Why Chrome blocks ajax locally?
Could not find dup, so let me know if there is one
I am trying to create static one page website (to host it on neocities). I use jquery's
load()function for that. It works fine in Firefox (and Edge) but not in Chrome.
<!DOCTYPE html> <html> <head> <meta charset="UTF-8"> </head> <body> <div id="partial-page-load-section"></div> <script src="jquery-1.12.4.min.js"></script> <script> $("#partial-page-load-section").load("partial_page.html"); </script> </body> </html>
and here is
<h1>This is partial page</h1>
Error message by Chrome:
Cross origin requests are only supported for protocol schemes: http, data, chrome, chrome-extension, https.
Screenshot (Chrome one the left, Firefox on the right):
- Does Chrome solve some kind of vulnerability by not allowing me to do what I am trying to do which would not have been possible to solve in any other way other then completely preventing me from doing what I am trying to do?
- If somebody were to try to exploit vulnerability which Chrome is trying to fix by blocking my request, how would they go about it?
- Does that mean that Firefox (and Edge) are (more) vulnerable to XSS or CORS (or something else)?
Note that Firefox is also now blocking Ajax call, like Chrome, when the file is played locally, unfortunately. To test files locally - which contain Ajax call (loading xml for instance or accessing svg content inside ) we can still use IE.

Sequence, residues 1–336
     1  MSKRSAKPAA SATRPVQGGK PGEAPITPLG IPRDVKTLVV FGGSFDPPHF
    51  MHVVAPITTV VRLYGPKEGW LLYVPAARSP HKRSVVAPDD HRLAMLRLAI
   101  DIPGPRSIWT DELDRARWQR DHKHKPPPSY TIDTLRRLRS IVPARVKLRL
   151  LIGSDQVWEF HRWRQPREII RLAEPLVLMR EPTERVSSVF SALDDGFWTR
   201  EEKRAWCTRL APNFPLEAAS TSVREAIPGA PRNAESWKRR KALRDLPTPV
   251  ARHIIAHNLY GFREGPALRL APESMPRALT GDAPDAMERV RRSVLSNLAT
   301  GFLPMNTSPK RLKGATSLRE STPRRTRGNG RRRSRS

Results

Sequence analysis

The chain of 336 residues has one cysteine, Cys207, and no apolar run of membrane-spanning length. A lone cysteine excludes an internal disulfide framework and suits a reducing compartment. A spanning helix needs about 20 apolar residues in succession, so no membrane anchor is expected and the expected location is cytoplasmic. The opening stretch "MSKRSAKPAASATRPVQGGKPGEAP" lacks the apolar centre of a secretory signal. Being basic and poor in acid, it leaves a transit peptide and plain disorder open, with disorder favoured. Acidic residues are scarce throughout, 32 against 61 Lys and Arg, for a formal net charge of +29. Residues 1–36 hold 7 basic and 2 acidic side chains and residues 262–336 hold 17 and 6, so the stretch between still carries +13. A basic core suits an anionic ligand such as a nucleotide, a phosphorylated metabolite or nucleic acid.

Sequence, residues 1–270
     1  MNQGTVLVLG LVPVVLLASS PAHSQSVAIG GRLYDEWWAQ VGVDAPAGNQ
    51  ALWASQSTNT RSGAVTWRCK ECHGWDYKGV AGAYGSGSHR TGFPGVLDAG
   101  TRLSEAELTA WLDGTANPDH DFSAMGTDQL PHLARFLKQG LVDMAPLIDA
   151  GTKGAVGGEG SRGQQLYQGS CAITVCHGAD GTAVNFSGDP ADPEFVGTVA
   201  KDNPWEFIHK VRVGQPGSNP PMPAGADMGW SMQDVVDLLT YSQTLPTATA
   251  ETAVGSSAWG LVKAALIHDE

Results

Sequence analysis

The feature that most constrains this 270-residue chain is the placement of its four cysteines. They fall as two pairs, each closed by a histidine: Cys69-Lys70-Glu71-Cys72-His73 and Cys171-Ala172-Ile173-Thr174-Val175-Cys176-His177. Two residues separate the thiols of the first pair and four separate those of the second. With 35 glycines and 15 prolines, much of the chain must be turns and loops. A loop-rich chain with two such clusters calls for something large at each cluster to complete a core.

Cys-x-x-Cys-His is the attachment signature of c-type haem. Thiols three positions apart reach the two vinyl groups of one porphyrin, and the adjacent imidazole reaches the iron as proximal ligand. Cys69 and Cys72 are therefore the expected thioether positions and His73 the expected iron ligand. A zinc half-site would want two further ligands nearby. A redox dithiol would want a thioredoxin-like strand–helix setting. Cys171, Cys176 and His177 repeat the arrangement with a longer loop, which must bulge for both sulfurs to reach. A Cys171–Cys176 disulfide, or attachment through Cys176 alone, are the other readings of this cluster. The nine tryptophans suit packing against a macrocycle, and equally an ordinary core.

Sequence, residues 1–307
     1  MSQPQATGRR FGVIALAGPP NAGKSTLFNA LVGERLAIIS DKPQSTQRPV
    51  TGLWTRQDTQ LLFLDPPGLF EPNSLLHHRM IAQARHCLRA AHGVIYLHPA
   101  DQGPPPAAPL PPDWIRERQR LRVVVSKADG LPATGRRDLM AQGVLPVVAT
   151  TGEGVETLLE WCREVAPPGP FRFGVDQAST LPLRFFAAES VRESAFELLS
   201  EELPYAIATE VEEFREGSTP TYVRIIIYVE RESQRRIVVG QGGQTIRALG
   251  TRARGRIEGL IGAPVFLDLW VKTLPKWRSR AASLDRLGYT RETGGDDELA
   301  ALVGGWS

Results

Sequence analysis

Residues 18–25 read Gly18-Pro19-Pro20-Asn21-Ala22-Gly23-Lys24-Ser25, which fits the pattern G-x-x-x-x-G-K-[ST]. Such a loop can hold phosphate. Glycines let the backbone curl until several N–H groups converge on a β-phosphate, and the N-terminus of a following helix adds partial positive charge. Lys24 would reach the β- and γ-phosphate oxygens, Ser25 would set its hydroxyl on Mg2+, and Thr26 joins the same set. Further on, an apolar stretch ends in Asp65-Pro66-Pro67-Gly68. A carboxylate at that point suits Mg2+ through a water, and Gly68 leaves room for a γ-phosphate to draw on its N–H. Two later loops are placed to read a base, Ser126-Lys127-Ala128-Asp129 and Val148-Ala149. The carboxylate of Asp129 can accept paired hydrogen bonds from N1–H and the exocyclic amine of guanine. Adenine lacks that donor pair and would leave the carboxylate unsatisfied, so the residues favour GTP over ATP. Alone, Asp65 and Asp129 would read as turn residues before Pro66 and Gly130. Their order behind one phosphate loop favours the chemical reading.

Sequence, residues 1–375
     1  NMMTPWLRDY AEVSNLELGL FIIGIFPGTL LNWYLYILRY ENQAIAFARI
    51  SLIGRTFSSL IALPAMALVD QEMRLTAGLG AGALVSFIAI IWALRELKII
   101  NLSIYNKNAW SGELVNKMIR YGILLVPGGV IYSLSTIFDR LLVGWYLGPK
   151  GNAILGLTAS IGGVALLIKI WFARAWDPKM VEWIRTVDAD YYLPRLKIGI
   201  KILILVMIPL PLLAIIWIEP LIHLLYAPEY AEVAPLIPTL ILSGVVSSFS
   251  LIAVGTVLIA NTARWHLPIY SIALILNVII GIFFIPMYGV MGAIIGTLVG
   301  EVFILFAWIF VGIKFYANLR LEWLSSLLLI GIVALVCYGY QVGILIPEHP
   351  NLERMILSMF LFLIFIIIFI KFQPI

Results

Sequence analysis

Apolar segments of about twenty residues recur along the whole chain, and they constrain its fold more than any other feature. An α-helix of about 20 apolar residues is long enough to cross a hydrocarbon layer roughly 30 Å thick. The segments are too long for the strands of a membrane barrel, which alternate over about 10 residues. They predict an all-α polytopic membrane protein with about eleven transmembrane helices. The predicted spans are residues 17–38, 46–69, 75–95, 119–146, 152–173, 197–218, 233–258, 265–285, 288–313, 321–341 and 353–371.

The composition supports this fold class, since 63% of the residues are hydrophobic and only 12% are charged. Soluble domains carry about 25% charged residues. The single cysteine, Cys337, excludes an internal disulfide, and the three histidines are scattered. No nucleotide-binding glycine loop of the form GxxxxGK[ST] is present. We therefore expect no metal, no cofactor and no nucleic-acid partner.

Any other protocol behavior for CORS is undefined for now. So Chrome blocks it.
To answer each question individually:
1) No, they just consider that since the CORS is not defined for other protocol, the safest is to crash with an error saying "not implemented"
2) Since 1) answer is No, this question is not applicable. But if Chrome let the request go, then it's up to the unknown-protocol to properly handle CORS, which will probably not be done right
3) The difference between Firefox and Chrome is that Firefox first check if origins of the requester document and the requested resource are the same (and if so, it let it through, otherwise, it follow CORS process) while Chrome always follow the CORS process before checking the origin matching.
For now, unfortunate as it is, file and ftp URLs are left as an exercise for the reader.
When in doubt, return a network error.
The only harm I could see is that Firefox would let a script display sensitive information from
file:///on your screen, that a shoulder spyer could grab. It's not related to CORS then.